Mark Vassallo has inspired a generation of creatives around the globe. A highly respected creative director and stylist in the fashion world, he has spent nearly 30 years at the top of the industry spanning across borders in New York, Sydney and London. His sharp eye and fashion-forward intuition have seen the Australian icon work with the likes of Vanity Fair, Vogue, Farfetch, Björk, Mick Jagger and Scarlett Johansson, and spend a lifetime chasing shoots and shows across the globe. We sat down with Mark to speak about where his creativity has taken him, the evolving role of the stylist and life in New York's fastest lane.
On being the odd one out
I’m the son of immigrant parents who were given a free passage to Australia in the ’50s as a little bit of an incentive, I think it was £200 or something tiny like that, to go and start life there. I had a simple upbringing in the suburbs of Sydney and was definitely the odd one out with my desire for luxury. We were an uncomplicated happy family, both my parents had straightforward jobs and a simple lifestyle — and then there’s me discovering fashion magazines around the age of 12 and all I wanted to buy was luxury brands. I decided to get away from the suburbs and move to the city to be closer to the action.
On discovering your calling
The universe has provided for me. I trust that I’m on a certain path in life. I don’t want to call it luck, but I was put in the right places and given some great opportunities. I worked super hard, and was super passionate, and obviously had some talent that I was born with. I didn’t learn style, I didn’t study it — I just understood it, I understood what it meant, I could interpret it. I believe that it was in my destiny in a weird way because I grew up in the suburbs with not much money and a really simple life. Not that style is money, and a lot of my style inspiration comes from the suburbs.
On working for Vogue
I found my way into styling as it wasn’t a huge thing back when I started out, especially in Australia. My first editorial was for a magazine called Australian Style, with Simon Lekias, which back then was an incredible publication that was championing Australian talent. It was run by Andrea Horwood who is definitely an EA. Style commissioned shoots with Kylie Minogue, Nick Cave, and all these amazing people. Then Vogue caught wind of me. Nancy Pilcher, who was the editor at the time gave me my break and off I was on the Vogue train. I was completely the black sheep in that world, not from a wealthy eastern suburbs family, not female, and wearing Adidas tracksuits. An ethnic boy, chubby, from the suburbs that was doing shoots and covers for Australian Vogue.
On your desire to move abroad
I was twenty-something and had never left the country. I just knew I had to go to New York because that is where fashion is made. I put some money together, did a three-week reconnaissance and thought, ‘This is me. I need to get back here urgently’. I went back to Australia, then six months later I saved up $800. An Australian photographer, Hugh Stewart, had just moved to New York so he said, ‘Come and stay with me’. I went over there with this little Aussie portfolio full of Vogue tears and got an agent. I said to mum and dad, ‘I’m going back overseas again for a few months,’ then never came back. I was doing big shoots for Neiman Marcus, and L’Oreal, and making heaps of cash.
I was completely the black sheep in that world, wearing Adidas tracksuits. An ethnic boy, chubby, from the suburbs that was doing shoots and covers for Australian Vogue.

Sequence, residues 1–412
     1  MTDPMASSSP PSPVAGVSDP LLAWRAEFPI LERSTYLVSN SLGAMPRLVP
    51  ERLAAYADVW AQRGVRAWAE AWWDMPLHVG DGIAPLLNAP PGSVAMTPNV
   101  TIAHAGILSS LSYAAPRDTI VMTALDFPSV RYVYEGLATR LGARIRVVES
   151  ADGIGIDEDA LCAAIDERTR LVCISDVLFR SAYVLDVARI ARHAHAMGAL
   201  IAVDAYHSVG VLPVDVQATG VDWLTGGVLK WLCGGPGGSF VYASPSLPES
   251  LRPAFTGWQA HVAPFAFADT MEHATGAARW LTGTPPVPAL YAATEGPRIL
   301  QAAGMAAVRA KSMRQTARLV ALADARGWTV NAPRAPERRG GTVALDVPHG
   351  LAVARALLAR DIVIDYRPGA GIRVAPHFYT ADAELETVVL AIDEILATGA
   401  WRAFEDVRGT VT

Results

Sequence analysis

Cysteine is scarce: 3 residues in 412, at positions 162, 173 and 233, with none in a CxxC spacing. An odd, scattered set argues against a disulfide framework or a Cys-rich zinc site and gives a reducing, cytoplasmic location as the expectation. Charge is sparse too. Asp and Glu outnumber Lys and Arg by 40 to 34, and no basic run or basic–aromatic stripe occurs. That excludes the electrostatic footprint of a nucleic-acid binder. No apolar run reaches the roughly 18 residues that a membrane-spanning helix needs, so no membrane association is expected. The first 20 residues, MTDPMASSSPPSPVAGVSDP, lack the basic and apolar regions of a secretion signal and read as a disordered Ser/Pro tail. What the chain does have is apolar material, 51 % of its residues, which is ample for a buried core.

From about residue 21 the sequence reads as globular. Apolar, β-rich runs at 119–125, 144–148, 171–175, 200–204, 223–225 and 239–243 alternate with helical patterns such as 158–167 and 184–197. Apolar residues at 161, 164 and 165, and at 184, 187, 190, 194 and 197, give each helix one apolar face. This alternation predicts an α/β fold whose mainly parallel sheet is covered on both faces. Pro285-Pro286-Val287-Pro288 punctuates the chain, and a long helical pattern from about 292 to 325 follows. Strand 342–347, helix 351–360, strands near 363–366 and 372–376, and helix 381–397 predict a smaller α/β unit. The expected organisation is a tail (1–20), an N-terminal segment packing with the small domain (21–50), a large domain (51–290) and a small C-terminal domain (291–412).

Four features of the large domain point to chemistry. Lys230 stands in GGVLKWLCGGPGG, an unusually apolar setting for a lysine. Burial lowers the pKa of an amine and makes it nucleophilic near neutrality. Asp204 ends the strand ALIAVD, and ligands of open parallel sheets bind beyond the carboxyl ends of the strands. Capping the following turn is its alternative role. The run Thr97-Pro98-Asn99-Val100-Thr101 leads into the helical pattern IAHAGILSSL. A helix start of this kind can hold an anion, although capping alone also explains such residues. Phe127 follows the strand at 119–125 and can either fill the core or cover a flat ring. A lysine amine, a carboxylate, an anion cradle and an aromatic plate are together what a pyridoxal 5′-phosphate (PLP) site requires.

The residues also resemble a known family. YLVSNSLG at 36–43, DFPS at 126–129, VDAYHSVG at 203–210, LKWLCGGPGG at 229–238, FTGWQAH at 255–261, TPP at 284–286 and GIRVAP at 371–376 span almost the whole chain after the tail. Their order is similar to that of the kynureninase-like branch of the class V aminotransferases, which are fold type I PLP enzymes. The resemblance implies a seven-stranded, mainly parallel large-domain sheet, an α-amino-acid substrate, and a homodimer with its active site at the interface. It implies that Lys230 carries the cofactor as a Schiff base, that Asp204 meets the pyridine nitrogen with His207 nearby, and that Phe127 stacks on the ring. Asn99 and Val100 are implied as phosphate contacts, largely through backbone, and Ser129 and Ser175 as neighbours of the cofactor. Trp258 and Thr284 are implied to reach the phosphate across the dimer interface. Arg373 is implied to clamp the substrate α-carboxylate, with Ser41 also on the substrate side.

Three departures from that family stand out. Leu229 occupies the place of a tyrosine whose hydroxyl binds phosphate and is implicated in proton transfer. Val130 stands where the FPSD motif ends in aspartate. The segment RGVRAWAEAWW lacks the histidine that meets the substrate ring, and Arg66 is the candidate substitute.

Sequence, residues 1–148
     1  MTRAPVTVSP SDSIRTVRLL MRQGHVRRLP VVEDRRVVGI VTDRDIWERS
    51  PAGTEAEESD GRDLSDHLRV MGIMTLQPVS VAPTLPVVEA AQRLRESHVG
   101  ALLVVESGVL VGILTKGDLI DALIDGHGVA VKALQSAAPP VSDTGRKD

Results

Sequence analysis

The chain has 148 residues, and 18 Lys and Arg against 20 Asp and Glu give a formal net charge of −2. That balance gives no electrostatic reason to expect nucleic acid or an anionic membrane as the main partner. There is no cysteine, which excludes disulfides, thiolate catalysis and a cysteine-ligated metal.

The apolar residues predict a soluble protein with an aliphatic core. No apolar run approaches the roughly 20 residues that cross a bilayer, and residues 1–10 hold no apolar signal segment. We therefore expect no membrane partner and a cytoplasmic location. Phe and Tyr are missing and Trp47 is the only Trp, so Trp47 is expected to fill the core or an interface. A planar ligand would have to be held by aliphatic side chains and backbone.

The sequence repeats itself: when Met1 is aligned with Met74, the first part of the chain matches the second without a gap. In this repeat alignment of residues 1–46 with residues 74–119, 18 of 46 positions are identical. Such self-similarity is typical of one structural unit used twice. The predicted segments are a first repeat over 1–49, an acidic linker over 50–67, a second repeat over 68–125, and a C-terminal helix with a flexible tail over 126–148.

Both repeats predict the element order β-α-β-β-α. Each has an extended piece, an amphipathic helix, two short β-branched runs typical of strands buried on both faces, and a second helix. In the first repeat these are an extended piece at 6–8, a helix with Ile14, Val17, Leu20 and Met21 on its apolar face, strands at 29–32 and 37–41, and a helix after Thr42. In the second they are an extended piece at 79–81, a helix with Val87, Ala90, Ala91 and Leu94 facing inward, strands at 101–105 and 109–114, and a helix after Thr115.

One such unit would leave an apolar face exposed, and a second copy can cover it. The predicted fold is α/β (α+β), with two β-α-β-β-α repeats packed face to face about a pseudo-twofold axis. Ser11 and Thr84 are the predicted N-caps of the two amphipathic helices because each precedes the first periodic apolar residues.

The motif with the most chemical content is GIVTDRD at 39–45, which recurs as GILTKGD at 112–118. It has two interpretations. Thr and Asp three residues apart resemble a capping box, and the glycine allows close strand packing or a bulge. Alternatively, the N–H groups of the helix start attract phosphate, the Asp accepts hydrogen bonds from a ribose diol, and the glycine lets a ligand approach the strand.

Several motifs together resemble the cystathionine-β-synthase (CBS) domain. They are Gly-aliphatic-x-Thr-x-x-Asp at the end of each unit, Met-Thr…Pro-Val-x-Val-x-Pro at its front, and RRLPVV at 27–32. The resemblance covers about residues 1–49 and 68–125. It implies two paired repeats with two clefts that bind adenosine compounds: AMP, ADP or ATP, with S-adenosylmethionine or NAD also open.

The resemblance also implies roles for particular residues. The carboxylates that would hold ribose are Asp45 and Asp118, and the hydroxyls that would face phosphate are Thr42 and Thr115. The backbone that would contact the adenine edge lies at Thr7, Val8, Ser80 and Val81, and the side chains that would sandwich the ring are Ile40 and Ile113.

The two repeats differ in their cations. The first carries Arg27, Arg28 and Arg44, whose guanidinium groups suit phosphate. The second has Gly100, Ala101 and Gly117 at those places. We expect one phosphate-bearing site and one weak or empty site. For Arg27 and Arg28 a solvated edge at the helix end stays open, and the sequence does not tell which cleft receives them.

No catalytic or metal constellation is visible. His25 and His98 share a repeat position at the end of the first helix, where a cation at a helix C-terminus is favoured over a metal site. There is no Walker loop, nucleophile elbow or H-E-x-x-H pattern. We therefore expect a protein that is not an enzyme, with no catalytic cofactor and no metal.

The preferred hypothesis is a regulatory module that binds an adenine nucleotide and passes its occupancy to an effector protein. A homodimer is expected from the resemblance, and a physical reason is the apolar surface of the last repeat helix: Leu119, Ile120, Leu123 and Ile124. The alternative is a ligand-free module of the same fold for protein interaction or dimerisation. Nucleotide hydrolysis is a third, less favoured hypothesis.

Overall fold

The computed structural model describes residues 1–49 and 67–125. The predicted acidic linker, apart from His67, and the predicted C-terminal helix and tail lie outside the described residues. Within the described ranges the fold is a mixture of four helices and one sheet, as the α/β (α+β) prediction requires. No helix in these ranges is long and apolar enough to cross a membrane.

On the rise of celebrity culture
I was in New York when we went through the whole transition of celebrities in fashion. That was a big moment in the late ’90s where supermodels were on the way out and celebrities were the new fashion icons. I was doing a lot of portrait shoots for Vanity Fair so I got to meet a lot of them. One of the big ones was Scarlett Johansson. I ended up working with her on quite a few shoots. I remember another person I met through a shoot was Sigourney Weaver, who I ended up working with for a while and dressing her for the Academy Awards. It was a huge deal, she wore Dior, we flew to Paris and John Galliano made her a dress.
On the fashion world’s work ethic in New York
New York really shaped me, it taught me my craft. I already had quite a strong work ethic but in New York you work — there’s no fucking around. You work seven days a week and get paid loads of money. You work all night, and you get the job done and you never stop working, and that’s what New York’s about, really.
On New York’s shifting culture
When I first arrived in New York, I was really into hip-hop and Puff Daddy was number one back then. I did a few shoots for him and his brand, so I was super influenced by that whole scene and it filtered into my work. Then through the years, I got into techno, and I was heavily influenced through techno as well the art scene in New York, which I loved. I used to go to all of the galleries, both big and small and just wander around to escape and come up with ideas for shoots. New York was a very different city back then; it was totally free and edgy. The Lower East Side was completely creative, and people were dressed incredibly — out there and crazy. It’s very different now that it’s become a lot more commercialised.
I already had quite a strong work ethic but in New York you work — there’s no fucking around. You work seven days a week and get paid loads of money.
On fashion vs style
Fashion for me has always been about dressing up, about feeling good and looking good. Fashion changes every six months so it’s about trends, whereas style is something that is particular — someone has a style, or there’s a style of a brand, or a style of a place. For me fashion is about change, about being new; then style is about interpreting it. Everybody has a style, and you take a little bit of what’s happening in that fashion season and make it you just to refresh your style.
On stand-out fashion shows that influenced you